Far from depicting girl power, Kali seems to be a part of the same paternal framework that governs most of the world's major religions. Women are even becoming annoyed by it. In fact, if you read a serious book about Kali (even the aforementioned one by Mukerjee) she is typically spoken about in purely symbolic terms. Daniel Odier, in his book Kali: mythologie, pratiques secrets et rituels (which I think is the same book available in English as Tantric Kali) gives a lengthy description of her symbolism -- her nudity represents that she is free from illusion, her three eyes represent past, present and future and that she is absolute, her four arms represent the cycle of reincarnation, and even her vulva is only symbolic of a letter in the alphabet which is essential to provide Shiva with his proper name. Quoting from Harding's book, "Totapuri [a "naked monk" who had realized God] looked upon the world as maya and the worship of gods and goddesses as the fantasies of a deluded mind. He only believed in the formless Brahman. Sri Ramakrishna also saw the world as an illusion, but instead of negating it like Totapuri, he acknowledged the power of maya on a relative plane. Maya is none else than Kali, the Divine Mother of Creation and Destruction." There is no feminist warrior goddess, only a collection of symbols that depict something entirely and purely spiritual. The images are not meant to be taken literally.

Except when they are. These lofty explanations of Kali become rather perplexing when looking upon her common worship. The famous thugee victimized travelers as sacrifices to her, and animal sacrifices are still made. A Telugu film portrays her fed by blood (but not by mere devotion) to come to the physical aid of a devotee whose husband is targeted by an evil witchdoctor. Devotees at her temples make gifts to her statues, sometimes in repayment for answered prayers just as Catholic folk practice will make to a saint. A famous singer bargained with Kali to be a musical success, with the promise to devote herself to Kali once she hit her peak. A college student cut off her tongue as an offering in exchange for a wish. How can this be reconciled with the symbolic Kali? The presumed answer would be that the symbolic Kali is the "correct" way to understand her, while anything else is but crude superstition, frowned upon as much as the Catholic church frowns upon Santeria practice. And yet, it is done. It is popular. And people who practice that way would be pissed if you told them it was wrong. Usha Harding's book tells how Sri Ramakrishna himself wanted to make sure that the statue of her at the Kali Temple in Calcutta was actually alive by testing (and confirming) that it was breathing, which suggests even he believed something specific to reside in her images. The same statue reportedly began to sweat when it was stored in its original shipping container. This book explicitly states, on page 53, "Kali is a living Goddess."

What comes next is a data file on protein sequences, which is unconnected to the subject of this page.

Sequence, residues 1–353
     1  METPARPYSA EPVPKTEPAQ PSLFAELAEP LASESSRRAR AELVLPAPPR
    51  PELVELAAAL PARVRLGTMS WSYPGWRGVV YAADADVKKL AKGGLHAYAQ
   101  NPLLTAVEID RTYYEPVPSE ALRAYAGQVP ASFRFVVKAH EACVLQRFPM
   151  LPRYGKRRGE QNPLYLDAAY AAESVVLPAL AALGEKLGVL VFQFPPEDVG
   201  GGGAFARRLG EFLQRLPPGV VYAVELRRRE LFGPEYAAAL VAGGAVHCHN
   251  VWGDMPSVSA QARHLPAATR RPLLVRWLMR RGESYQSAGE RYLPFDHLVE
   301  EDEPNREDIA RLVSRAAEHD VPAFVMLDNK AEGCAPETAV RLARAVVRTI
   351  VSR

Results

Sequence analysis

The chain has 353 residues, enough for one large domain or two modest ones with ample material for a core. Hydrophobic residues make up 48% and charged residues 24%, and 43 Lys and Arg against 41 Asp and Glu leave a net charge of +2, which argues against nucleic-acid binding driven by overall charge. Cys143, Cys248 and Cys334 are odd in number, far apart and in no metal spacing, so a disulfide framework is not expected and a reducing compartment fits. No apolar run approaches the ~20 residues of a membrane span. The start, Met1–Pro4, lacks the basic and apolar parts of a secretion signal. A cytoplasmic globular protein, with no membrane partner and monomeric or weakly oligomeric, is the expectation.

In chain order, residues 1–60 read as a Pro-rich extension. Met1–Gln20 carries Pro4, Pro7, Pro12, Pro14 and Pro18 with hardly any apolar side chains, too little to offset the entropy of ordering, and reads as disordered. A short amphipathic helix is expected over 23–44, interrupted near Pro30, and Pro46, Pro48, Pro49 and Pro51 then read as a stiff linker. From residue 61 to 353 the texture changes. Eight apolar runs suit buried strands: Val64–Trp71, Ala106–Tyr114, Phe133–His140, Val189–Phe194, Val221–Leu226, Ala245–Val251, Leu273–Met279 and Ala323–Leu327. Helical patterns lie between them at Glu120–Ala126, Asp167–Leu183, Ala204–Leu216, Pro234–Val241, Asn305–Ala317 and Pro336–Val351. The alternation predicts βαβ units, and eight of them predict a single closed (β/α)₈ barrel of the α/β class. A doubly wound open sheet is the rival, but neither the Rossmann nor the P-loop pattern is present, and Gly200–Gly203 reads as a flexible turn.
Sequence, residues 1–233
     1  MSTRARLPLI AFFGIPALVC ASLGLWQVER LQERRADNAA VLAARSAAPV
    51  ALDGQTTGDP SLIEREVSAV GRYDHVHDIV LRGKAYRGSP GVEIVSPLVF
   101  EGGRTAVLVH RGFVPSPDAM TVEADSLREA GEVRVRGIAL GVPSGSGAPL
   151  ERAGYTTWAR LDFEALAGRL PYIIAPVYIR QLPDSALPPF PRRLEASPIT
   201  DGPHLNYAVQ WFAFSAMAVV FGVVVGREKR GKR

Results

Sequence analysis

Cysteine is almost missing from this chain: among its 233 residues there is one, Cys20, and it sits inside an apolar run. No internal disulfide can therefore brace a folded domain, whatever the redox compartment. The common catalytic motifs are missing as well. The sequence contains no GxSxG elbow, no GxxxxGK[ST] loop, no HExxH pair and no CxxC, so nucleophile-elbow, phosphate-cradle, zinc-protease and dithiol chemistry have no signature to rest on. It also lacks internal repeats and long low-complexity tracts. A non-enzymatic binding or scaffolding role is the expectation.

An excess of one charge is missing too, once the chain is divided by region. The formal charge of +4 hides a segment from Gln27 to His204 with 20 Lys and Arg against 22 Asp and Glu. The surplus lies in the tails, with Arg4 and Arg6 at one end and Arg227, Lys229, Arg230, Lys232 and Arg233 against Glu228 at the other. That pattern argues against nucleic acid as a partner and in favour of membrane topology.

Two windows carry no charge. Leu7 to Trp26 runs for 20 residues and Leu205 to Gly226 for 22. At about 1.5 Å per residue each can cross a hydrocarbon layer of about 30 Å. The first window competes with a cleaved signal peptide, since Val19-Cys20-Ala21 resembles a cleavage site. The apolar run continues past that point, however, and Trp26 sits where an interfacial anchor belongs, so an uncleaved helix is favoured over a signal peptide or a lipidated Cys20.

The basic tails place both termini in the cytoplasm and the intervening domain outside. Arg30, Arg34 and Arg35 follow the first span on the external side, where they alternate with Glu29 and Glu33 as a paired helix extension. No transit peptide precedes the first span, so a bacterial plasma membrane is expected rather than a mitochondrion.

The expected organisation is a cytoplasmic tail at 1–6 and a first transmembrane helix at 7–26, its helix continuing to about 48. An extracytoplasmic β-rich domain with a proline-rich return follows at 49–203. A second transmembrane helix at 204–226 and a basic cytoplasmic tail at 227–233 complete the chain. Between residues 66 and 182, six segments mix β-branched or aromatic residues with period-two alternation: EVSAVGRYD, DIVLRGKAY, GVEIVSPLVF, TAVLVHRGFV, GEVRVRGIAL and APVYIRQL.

I recently got up the nerve to ask a friend of mine from India what he thought of Kali. He gave the symbolic answer -- that she is an "embodiment of kundalini awakened but untamed." He has only heard of people making sacrifices or offerings to her, but not seen it himself. 

Practically every article about Kali begins with "Kali is a most misunderstood goddess..." yet proceeds to explain her with information that just confuses the matter all the more. A 1919 article by George W. Gilmore states, "It is necessary, however, to bear in mind that in India there are two orders of religion living side by side, mutually tolerant and neither antagonistic to each other; indeed each assumes the other to be a phase of itself. One is philosophic, the other popular. One is universalistic, based on conceptions that are cosmic, with deities (or a deity) that have the universe as their field of operation. The other is local, conceives its gods as restricted in action and confined in interest to a family, group or village." The answer might be found in this -- if Kali is not interpreted as goddess of the universe or goddess of women but rather as the protector goddess of a village or a family, naturally she becomes the embodiment of the values of that group, even if there is seemingly a conflict between those values and that which Kali represents on a larger scale. And thus it is that to the feminists she is a feminist while simultaneously being an oppressor of women's rights in societies which do not wish them. Kind of a hands-off "you go do what you like" sort of divine mother.